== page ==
If you’re going through hell, keep going

The perfect storm of political screw-ups and disinformaton that ultimately led to Sunday defeat was well analysed by drfilomena in this post (Slovene only). The way it looks now this was not a one-off event. Well, truth be told, this government also lost the referendum on the new law on RTV Slovenia, but it does not end there. Next up is the referendum on the law against black market labour, then we have the referendum on pension reform and then quite possibly, referendum on law on access to classified material, which was in part caused by the SDS fiasco on Velikovec bombing documents and is bound to reignite it again.

The highpoint, the climax, if you will, will of course be the pension reform. This will probably be where Pahor’s government will make the last stand to implement what remained of the reform legislation, thus at least patching things up for the time being and then seeing what, if anything, can be done. Given the rhetoric and against the backdrop of Sunday’s result it seems conceivable that the government will lose the referendum on preventing black market labour. And even though anticipated, the defeat will not be any less hurtful. If nothing else, it will give additional impetus to what pengovsky calls an “unholy alliance” of unions, student organisations and the opposition and on the other hand making the majority of the population even more tired of constant referendums, thus ensuring that only die-hard voters (mostly those against reforms) will cast their vote.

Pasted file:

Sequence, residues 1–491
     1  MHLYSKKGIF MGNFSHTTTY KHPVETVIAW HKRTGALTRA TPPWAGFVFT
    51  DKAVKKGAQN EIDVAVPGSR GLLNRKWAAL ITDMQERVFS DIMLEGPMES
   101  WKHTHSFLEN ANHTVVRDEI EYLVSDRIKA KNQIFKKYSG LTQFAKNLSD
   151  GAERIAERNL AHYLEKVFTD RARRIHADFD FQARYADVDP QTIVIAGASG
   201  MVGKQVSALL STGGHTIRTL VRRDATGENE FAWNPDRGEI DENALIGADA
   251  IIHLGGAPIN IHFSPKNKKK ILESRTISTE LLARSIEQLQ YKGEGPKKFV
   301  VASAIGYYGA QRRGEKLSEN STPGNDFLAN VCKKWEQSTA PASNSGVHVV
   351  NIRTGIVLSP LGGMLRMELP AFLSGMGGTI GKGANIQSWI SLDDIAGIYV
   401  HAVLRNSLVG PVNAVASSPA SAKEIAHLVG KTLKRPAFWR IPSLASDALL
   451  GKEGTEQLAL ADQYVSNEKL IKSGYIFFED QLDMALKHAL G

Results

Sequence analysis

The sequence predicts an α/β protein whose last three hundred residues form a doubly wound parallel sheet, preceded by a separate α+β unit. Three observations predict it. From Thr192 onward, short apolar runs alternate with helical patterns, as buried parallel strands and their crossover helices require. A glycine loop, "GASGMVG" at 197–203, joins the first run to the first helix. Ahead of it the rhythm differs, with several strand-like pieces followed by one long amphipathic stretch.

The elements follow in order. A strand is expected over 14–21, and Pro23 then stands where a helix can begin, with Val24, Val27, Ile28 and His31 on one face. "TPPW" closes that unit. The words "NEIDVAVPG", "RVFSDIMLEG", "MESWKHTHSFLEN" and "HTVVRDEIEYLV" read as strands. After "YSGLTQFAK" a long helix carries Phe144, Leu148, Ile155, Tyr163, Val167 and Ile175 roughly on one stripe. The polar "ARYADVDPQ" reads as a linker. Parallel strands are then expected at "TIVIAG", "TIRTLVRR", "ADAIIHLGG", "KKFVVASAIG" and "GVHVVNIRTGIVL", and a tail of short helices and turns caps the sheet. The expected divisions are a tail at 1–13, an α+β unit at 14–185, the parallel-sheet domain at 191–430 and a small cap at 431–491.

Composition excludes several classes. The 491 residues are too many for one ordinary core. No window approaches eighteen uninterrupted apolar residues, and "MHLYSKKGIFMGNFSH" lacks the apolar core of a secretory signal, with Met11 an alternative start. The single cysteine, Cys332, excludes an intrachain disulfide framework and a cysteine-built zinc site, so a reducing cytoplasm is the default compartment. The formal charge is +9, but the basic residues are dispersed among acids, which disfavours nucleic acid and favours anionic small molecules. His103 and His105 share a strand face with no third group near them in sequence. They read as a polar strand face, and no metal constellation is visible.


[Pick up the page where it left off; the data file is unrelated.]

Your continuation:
In that respect, one can sympathise with PM Pahor who yesterday, during a visit to UK Prime Minister David Cameron said that “I’m going through hell with my ministers.“. A most aptly chosen sentence given the situation and the PM, who often likes to quote the greatest of British Prime Ministers, Winston Churchill, might want to remember that the old bastard (and I mean that in the most loving way possible) said that “if you’re going through hell, keep going”.

Bad PR and caring for the common man

And some hell this government is in. Much of it is its own doing, mostly through its disastrous PR. Most of the scandals which rocked the coalition hard spiralled out of control because the initial response was wrong, lacking, or both. The same goes for achievements of the government. Sure, it easy to be smart about it, but in pengovsky’s mind the fact that PM Pahor and his team basically solved the border dispute with Croatia (or at least took it of the agenda) should be written in the history books with golden letters. Instead, everybody treats it as if it is a minor event, not even worthy of page seventeen of Monday’s paper.